Businesses often fail because founders and investors neglect to look before they leap, surging forward with plans without taking the time to realize that the base assumptions of the business plan are wrong. Most successful businesses are the result of more business knowledge than anything else.
In the Graham Hancock’s classic, Lords of Poverty: The Power, Prestige, and Corruption of the International Aid Business, Hancock vividly recounts how “experts” in charge of a World Bank project attempted in vain to set up a fish farming project in the remote rural areas of the Egyptian Sahara. Despite their best efforts and countless millions of US dollars in international grants, a year on, they were no nearer to getting the project off the ground.
Their only accomplishment had been the excessive environmental destruction caused by their futile attempts. None of these experts could figure out or fathom the reason for the project’s failure.
Meanwhile, a few kilometers away, local farmers were successfully carrying out a fish farming project at a fraction of the cost! It was soon discovered that the cause of failure throughout the World Bank-funded project had been its poor location over a porous rock base. Whenever water bowers were brought to fill the ponds, the water would seep through the rocks and after a few weeks or so, all the fish would die because of the lack of water. The natives had located their farming activity elsewhere because they were aware of the rock milieu; they had knowledge of what overpaid World Bank experts did not! While everything else was ideal for the experts, one inaccuracy resulted in catastrophic failure.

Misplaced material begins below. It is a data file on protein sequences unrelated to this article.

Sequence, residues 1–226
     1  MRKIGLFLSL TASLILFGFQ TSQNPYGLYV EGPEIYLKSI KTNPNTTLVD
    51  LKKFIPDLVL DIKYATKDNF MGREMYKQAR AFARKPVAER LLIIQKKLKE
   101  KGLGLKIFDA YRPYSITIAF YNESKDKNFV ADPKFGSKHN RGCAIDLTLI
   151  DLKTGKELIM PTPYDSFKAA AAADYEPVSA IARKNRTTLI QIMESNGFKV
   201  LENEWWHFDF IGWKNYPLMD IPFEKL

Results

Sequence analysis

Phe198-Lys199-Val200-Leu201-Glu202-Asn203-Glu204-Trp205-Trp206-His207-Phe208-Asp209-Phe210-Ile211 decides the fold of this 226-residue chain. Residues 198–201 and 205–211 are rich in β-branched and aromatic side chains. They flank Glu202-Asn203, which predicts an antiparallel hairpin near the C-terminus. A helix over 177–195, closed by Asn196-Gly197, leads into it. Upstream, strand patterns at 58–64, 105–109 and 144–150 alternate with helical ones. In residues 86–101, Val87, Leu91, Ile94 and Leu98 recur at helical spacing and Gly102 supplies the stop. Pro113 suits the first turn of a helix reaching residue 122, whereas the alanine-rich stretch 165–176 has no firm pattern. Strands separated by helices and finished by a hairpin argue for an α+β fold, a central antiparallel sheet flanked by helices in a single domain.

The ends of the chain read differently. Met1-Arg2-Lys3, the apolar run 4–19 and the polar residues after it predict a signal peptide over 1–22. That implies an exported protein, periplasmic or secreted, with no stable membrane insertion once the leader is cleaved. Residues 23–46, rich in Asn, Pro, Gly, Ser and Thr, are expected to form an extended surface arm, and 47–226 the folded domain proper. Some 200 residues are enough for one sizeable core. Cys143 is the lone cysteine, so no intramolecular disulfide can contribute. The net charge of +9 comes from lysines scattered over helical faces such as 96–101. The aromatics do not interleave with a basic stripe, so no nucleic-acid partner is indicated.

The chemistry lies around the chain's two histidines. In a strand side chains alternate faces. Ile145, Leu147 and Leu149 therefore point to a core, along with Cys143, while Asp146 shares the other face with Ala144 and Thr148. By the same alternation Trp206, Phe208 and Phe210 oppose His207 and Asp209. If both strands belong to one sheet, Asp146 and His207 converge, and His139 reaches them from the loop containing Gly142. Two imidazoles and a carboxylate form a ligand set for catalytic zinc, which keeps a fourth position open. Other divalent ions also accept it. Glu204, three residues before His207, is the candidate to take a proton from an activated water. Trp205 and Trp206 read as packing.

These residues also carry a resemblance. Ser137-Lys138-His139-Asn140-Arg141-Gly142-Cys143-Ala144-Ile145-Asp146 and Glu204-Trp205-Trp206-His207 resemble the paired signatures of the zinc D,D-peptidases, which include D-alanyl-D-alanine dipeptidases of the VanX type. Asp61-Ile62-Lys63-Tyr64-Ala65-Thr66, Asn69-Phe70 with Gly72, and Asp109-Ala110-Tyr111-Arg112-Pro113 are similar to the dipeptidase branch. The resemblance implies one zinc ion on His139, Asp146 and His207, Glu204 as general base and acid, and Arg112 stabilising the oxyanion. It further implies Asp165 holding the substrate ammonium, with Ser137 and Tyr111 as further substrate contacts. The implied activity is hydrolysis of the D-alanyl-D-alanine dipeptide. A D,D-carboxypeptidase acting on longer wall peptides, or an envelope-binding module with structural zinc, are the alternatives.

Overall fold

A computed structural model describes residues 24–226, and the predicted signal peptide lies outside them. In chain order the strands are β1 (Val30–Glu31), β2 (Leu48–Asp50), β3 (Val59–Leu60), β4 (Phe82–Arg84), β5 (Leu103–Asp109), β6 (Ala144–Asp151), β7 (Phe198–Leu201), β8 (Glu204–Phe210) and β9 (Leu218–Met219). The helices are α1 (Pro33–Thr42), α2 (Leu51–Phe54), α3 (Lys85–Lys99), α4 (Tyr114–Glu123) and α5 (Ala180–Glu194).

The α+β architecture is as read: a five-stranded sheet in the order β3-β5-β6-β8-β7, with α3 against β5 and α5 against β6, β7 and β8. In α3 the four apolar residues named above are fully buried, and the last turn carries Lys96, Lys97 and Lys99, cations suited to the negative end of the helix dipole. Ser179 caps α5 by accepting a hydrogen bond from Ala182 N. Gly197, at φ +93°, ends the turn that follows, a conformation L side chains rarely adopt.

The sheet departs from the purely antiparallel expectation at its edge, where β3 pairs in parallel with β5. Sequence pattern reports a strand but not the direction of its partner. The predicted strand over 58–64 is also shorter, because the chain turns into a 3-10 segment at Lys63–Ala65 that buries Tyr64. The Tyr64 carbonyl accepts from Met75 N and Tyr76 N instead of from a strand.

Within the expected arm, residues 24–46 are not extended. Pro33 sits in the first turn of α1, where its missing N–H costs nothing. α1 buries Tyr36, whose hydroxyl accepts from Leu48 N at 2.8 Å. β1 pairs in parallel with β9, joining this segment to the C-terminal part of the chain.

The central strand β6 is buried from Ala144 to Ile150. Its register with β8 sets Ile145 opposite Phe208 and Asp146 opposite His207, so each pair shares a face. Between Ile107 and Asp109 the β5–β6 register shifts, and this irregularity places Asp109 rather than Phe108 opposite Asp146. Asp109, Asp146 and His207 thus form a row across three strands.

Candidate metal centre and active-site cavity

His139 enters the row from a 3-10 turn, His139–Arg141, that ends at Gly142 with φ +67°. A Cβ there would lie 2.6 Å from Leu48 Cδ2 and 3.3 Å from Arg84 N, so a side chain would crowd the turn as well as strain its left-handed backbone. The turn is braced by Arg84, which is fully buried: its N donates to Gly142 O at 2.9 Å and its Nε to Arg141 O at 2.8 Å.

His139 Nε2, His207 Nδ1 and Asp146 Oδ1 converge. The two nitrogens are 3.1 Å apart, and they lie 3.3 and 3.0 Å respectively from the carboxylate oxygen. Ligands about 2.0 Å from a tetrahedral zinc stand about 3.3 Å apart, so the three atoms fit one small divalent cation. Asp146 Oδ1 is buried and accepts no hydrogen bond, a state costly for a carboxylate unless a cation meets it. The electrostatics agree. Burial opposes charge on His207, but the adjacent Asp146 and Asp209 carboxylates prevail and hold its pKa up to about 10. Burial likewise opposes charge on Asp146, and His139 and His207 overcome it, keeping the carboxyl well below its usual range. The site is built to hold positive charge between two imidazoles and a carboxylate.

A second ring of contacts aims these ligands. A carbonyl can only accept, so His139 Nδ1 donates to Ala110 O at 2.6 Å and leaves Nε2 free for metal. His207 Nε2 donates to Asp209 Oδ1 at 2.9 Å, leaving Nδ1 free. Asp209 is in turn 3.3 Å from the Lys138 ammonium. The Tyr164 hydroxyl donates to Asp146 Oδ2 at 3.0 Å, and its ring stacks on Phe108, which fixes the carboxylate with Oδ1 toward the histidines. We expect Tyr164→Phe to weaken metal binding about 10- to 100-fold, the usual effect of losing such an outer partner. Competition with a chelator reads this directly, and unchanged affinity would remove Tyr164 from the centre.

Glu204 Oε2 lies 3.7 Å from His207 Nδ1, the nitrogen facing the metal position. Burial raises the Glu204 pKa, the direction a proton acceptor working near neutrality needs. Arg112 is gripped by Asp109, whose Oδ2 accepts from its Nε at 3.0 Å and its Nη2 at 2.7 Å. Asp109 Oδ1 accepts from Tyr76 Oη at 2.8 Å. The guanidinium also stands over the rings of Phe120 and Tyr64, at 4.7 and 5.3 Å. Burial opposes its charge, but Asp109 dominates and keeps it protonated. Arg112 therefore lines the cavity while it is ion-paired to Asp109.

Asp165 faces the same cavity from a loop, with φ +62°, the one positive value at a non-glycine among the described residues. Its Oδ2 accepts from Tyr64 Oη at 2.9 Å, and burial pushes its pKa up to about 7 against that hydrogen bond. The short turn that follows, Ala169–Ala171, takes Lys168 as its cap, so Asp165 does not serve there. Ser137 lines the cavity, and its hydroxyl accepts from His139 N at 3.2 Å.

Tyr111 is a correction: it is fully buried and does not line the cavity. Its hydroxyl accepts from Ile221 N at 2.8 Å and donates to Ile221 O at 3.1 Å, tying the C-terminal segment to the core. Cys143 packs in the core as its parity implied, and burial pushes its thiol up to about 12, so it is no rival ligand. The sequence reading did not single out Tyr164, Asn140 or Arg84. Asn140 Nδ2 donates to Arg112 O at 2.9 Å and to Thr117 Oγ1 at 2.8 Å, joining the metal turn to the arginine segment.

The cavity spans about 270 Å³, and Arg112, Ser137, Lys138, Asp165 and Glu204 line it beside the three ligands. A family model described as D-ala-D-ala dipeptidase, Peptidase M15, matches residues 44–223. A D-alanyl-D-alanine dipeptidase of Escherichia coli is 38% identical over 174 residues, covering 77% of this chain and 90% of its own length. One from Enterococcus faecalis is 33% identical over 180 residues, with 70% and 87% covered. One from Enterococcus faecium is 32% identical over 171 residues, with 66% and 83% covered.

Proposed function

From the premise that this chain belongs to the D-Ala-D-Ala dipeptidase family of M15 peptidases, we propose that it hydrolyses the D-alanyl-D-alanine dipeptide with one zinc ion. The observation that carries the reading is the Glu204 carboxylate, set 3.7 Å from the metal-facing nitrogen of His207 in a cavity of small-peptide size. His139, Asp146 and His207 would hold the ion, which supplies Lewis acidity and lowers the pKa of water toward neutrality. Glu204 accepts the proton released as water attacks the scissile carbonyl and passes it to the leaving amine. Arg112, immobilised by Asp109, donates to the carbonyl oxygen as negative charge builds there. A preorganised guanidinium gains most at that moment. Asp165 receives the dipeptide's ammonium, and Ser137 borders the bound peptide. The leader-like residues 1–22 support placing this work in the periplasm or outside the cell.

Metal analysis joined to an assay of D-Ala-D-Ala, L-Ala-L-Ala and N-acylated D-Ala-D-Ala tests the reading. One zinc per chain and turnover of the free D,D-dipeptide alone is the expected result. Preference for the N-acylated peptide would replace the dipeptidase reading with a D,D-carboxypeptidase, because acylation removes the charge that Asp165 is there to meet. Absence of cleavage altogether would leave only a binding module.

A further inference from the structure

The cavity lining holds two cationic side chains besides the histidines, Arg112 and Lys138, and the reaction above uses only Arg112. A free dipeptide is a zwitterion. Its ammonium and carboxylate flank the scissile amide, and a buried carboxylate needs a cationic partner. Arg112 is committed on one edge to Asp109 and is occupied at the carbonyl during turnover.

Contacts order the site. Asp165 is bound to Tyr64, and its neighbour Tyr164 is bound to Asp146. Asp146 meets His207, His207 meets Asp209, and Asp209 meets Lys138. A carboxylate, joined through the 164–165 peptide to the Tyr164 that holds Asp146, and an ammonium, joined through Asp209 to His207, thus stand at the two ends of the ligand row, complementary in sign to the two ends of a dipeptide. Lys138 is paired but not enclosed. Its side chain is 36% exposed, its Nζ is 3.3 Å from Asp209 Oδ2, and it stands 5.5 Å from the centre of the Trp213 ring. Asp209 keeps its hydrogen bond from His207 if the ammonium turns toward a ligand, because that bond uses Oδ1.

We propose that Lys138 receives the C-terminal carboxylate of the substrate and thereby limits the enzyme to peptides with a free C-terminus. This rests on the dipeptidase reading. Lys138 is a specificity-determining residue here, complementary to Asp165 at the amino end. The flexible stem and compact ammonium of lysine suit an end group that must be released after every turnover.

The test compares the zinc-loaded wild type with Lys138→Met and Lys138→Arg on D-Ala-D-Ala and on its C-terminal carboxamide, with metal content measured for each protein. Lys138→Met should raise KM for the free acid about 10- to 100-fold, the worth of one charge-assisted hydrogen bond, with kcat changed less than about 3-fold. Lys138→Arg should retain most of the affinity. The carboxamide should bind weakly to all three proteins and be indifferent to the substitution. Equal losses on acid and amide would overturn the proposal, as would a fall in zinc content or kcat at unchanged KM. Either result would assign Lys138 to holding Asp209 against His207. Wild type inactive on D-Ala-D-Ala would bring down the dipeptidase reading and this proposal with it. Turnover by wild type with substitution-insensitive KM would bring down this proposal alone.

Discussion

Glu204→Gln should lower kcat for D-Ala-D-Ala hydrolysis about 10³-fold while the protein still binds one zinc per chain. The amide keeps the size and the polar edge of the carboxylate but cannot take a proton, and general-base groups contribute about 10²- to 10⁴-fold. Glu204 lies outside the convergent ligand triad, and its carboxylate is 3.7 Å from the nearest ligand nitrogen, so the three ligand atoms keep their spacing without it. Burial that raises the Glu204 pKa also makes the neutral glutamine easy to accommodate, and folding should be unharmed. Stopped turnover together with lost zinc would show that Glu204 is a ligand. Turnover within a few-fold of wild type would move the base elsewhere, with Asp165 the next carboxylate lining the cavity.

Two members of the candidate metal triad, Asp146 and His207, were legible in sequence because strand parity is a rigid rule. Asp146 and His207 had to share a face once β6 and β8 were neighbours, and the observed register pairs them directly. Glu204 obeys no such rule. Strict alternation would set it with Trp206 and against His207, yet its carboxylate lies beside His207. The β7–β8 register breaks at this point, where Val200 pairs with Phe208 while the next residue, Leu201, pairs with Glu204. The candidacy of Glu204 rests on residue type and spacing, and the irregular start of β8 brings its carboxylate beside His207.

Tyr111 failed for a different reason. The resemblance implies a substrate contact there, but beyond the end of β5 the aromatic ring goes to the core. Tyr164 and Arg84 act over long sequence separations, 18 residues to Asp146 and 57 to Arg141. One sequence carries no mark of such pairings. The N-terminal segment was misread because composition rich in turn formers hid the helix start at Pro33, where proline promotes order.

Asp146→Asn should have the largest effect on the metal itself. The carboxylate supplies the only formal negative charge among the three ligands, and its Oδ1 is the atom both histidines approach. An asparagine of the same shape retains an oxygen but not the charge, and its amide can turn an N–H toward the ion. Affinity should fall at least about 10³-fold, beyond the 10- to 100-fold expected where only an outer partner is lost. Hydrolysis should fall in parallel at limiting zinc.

Know the basics
To be successful in any business venture, it is critical to have some expert knowledge of the trade or industry. One new to the industry cannot instantaneously expect to have expert knowledge. Investing costs money so before you undertake any venture you must be careful to ask the right questions and also get the best answers. Note that we say the right questions and best answers. In the business world, there are no universal answers, as you cannot always eliminate extraneous nor external factors.
Surely the foreign World Bank experts were all masters of ecology and without a doubt conceptually they understood the effects a porous rock base could have on fish farming, but they failed to consider whether such a limitation could affect their project by not asking those familiar with the landscape. Despite all the technical awareness the experts had, the right questions for them should have been centered on what they did not know, the condition of their chosen location in this remote rural area of the Egyptian Sahara.
The quest for knowledge within an industry should not stop at startup, as successful entrepreneurs are always re-investing into their business. Ergo re-investment requires further knowledge.
The more you know, the better
One should consistently be asking themselves, what are the processes involved in my industry, which provider offers the best technology, who supplies the best raw materials, why are we not maximizing revenues, and so on. If you simply invest without examining the feasibility of your venture, then experience is going to be very expensive! The World Bank experts failed to continuously ask themselves these type questions and only realized their flaw once they saw the successes of another, the local farmers, who had already answered these questions. The emphasis here is on constantly asking these questions throughout the business because you need updated or relevant knowledge. One should not wait for some sort of phenomenon to re-evaluate their business. There may be a tsunami; famine or occurrences you may not be able to predict, or they may be nothing at all. A successful business requires persistently seeking knowledge.